Perhaps the biggest challenge in making the shift from harmful fuel-based lighting to solar lighting in the developing world lies in the initial cost of a lamp. In Ghana, Lighting Africa researchers found that a large household using kerosene lanterns for lighting spends around USD $5 each week on fuel. Meanwhile, a solar lamp has a one time cost of about USD $40. Spread out over the thirty year lifespan of the lamp, the solar lighting option is much more affordable in the long term. The problem, of course, is securing the initial investment when many of the buyers live on less than a two dollars a day.
Microcredit is a simple approach that has been proven to help empower the world's poor to end the cycle of poverty. In recent years microcredit has gained attention as a particularly effective and flexible strategy, with 2005 being declared the International Year of Microcredit by the United Nations.
Microcredit involves the extension of small loans and financial services to very poor people, typically to support self-supported, income-generating activities. With access to small amounts of credit and reasonable interest rates people are given the opportunity to work to achieve freedom from poverty with dignity. A key element of the microcredit model is the recycling of loaned money. Repaid money can become a new loan to another person and in this way, the value of the money and its power for positive change is multiplied. Very high repayment records have been achieved around the world, particularly where systems of peer support and mutual responsibility help to ensure success.
Following the lead of Mohammed Yunus and Grameen Bank in Bangladesh, a number of groups and organizations have undertaken microcredit projects as effective tools for development. Recently, 36 Rotary Clubs in the San Diego area collaborated with the Bill and Melinda Gates Foundation to raise $600,000 in microcredit loans. These loans will provide capital to enable at least 3,500 women in rural areas of Ghana to support businesses that revolve largely around agricultural products and livestock. Efforts like these are being made around the world and are changing lives for the better, every day.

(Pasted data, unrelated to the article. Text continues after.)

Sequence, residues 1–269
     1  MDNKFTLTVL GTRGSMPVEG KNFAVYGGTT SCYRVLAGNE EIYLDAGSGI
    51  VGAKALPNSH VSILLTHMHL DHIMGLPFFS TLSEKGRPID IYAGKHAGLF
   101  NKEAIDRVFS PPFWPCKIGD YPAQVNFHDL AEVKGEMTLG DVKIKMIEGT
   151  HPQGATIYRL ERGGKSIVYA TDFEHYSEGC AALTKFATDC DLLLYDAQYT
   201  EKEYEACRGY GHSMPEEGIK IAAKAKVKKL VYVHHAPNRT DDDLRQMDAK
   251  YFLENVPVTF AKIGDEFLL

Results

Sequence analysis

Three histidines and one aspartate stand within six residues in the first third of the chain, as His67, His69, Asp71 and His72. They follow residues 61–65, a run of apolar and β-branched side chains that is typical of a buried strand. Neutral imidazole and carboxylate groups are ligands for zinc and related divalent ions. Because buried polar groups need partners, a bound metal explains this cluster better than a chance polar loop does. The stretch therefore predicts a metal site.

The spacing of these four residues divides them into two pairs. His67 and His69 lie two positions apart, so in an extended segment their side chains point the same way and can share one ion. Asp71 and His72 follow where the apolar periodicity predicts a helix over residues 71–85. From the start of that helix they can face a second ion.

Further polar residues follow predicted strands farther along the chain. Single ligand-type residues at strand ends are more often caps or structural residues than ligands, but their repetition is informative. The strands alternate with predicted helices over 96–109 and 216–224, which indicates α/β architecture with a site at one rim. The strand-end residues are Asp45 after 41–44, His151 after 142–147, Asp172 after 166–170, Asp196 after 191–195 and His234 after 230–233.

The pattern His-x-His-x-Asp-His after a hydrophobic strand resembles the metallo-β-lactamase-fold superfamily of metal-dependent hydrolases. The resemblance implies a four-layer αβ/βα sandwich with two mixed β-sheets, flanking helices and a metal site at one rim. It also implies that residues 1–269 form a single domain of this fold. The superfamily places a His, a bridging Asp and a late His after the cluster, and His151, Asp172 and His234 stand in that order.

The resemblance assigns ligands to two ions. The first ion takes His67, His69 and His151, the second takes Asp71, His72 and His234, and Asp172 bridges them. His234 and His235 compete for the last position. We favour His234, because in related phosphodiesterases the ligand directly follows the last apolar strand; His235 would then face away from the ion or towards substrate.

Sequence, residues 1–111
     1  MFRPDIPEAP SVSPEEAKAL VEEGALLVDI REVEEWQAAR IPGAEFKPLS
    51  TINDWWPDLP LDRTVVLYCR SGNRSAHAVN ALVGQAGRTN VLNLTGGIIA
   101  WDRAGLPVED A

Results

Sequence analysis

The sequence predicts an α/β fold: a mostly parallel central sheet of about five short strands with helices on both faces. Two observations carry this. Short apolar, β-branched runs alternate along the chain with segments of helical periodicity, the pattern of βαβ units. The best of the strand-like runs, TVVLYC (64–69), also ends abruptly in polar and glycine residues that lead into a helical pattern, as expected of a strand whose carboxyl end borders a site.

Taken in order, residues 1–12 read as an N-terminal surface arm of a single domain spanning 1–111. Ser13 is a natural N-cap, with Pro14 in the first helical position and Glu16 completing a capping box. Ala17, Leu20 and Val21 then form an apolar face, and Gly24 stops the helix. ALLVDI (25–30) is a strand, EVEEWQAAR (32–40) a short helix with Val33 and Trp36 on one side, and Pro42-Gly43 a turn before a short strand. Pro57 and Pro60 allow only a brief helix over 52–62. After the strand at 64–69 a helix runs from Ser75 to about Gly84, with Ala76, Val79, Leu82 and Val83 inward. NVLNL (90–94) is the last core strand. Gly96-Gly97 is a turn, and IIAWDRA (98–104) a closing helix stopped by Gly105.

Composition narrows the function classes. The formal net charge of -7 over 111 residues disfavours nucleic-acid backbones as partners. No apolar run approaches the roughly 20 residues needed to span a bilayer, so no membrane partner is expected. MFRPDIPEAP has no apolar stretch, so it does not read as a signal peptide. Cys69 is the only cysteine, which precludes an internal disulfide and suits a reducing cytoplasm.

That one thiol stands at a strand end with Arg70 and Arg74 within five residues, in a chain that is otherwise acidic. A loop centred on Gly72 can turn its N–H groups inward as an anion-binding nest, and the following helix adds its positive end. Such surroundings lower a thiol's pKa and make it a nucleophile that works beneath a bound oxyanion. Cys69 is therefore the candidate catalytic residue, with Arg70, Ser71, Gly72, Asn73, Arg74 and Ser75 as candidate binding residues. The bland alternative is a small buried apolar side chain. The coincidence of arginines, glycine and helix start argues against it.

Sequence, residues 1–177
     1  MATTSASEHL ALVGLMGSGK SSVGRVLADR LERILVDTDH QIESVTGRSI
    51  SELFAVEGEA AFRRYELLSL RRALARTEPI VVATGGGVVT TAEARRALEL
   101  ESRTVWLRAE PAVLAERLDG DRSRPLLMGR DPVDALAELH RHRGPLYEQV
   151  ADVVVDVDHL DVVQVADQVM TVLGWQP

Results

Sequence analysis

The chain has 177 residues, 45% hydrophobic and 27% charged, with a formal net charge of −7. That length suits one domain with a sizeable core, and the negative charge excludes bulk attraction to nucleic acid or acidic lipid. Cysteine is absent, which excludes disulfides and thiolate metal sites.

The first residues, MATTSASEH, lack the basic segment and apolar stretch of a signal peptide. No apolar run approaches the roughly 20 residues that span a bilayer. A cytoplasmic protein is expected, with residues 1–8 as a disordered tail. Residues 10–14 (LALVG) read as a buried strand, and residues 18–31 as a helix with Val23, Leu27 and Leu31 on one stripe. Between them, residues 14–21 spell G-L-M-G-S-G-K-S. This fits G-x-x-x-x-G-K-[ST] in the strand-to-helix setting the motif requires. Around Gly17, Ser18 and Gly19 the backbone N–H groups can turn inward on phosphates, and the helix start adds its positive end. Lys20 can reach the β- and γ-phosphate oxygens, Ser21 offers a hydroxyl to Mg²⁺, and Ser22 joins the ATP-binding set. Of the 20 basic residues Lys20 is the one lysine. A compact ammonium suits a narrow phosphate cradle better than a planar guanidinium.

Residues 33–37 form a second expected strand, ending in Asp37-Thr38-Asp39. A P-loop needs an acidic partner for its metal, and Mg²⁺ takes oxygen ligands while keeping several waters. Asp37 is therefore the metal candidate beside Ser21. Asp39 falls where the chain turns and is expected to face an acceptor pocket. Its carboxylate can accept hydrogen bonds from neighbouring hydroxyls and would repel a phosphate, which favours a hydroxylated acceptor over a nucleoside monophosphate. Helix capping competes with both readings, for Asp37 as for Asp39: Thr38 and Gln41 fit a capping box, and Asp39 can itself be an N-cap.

Similar in concept to the traditional idea of microcredit for small business development, "consumer microcredit" is used for strategic personal investment and can be an equally powerful tool for change. A prime example of how this strategy may be used is found in the replacement of fuel-based lighting with solar lighting techniques. In such a case, a family now spending USD $260 each year on kerosene could instead pay $1 per week for one year for a solar light that will provide safe, clean light for decades. By employing the already existing microbank networks and extending them to include consumer microcredit for strategic investments like these, a whole new set of opportunities are brought into the light.
Rotarians and Rotary Clubs have been employing microcredit for many years, throughout the world. There are experienced people and operating microbanks already in place.
Glenergy is an avid supporter of the consumer microcredit model. We encourage our partners in the developing world to consider it as a method to distribute solar lights to those in need while maintaining a sense of ownership and dignity for the end user. We are actively partnering with entrepreneurs in Africa and assisting with financing to allow end-user purchases to be paid over time. You can read about our current lighting projects that use microcredit, and donate to them if you like.
To discuss a potential lighting/consumer microcredit project, email firstname.lastname@example.org.
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